Global advertising spending is forecast to grow 6.4 percent in 2018 to $551 billion, according to MAGNA Global. It is the strongest growth rate the media forecast and strategy agency has registered since 2010. MAGNA primarily attributes the 2018 increase over last year’s growth rate (4.5 percent) to cyclical events like the U.S. mid-term elections, the FIFA World Cup and the Winter Olympics.

“Global advertising spending is going to expand by the strongest growth rate since 2010 this year, as several of the largest markets—including the U.S., Russia and China—experience robust economic growth,” says Vincent Létang, EVP, global market intelligence at MAGNA and author of the report. “Many consumer packaged goods and automotive brands are freezing or cutting ad expenditures, which hurts the revenues of traditional media types, while digital media, used by millions of small and local advertisers, seems to be immune from slow-down so far. Linear television will enjoy modest growth in most markets, however, as cyclical events bring incremental budgets and strong pricing (CPM inflation), offsetting shrinking volume (ratings decline).”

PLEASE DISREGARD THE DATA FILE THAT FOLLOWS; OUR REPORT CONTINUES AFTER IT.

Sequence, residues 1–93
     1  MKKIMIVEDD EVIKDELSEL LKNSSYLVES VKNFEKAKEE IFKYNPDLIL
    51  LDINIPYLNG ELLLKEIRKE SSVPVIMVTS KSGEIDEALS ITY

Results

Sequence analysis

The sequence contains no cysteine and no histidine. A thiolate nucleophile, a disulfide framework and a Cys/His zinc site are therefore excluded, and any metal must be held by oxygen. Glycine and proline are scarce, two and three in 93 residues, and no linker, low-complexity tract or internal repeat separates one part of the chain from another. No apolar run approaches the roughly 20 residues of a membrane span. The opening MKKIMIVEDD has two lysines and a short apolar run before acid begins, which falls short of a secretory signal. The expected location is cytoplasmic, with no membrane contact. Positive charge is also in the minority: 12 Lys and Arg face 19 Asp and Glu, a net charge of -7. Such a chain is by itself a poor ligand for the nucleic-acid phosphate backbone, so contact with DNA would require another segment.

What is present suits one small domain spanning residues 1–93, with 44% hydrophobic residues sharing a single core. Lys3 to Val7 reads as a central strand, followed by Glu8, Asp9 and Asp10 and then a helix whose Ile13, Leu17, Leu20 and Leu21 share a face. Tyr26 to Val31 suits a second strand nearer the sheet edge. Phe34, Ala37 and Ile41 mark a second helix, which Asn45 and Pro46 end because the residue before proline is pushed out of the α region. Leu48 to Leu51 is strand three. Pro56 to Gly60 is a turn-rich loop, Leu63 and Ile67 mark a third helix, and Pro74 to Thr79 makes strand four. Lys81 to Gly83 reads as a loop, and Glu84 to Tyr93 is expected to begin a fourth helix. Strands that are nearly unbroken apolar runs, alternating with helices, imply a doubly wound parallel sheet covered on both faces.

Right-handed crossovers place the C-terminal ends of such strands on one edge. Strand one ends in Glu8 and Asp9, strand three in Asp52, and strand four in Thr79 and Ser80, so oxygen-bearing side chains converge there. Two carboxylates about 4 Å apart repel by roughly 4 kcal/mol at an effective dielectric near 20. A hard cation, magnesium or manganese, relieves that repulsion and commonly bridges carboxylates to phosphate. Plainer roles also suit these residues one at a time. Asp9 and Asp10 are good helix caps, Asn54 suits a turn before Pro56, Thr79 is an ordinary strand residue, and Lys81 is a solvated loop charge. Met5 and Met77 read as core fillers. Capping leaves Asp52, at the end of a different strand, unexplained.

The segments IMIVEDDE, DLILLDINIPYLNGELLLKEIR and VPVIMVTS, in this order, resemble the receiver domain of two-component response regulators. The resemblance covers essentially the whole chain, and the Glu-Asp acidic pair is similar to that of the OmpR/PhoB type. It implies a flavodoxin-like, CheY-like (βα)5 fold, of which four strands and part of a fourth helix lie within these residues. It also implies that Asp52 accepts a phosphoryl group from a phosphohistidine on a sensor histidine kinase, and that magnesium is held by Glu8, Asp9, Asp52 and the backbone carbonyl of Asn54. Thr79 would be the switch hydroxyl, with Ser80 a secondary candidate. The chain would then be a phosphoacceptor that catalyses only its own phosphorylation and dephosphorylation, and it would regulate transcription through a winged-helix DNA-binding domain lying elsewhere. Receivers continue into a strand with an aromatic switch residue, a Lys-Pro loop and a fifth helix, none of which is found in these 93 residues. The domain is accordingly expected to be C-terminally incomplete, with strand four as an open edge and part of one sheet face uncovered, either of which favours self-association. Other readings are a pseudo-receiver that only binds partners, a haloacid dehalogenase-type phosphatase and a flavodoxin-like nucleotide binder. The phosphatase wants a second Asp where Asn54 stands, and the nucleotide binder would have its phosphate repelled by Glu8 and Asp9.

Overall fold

Digital advertising is forecast to grow 15.6 percent in 2018 to $250 billion, or 45 percent of global advertising spending. Mobile ads accounted for half of digital spending in 2017 and are expected to increase to 62 percent this year. Digital advertising is projected to account for half of global ad spending by 2020—it reaches that milestone this year in the U.S. and is already at 60 percent in certain markets, such as the U.K. and Sweden.

Offline ad sales—television, print, broadcast radio and out-of-home—are expected to slip 0.2 percent to $300 billion. While television advertising revenues are expected to grow three percent this year to $185 billion, MAGNA notes that without 2018’s cyclical events, the segment’s growth rate would be nearly flat globally at 0.4 percent, and down 1.4 percent in the U.S.

2018’s global growth rate is driven by strength in certain markets—U.S., 6.4 percent; China, 10 percent; Russia, 12 percent; and India, 12.5 percent—and recovering economies—Latin America, 10 percent, and the Middle East, nine percent. Western Europe lags behind at 4.1 percent, which MAGNA blames on low economic growth and political uncertainty.

For more details from MAGNA Global’s findings, click here.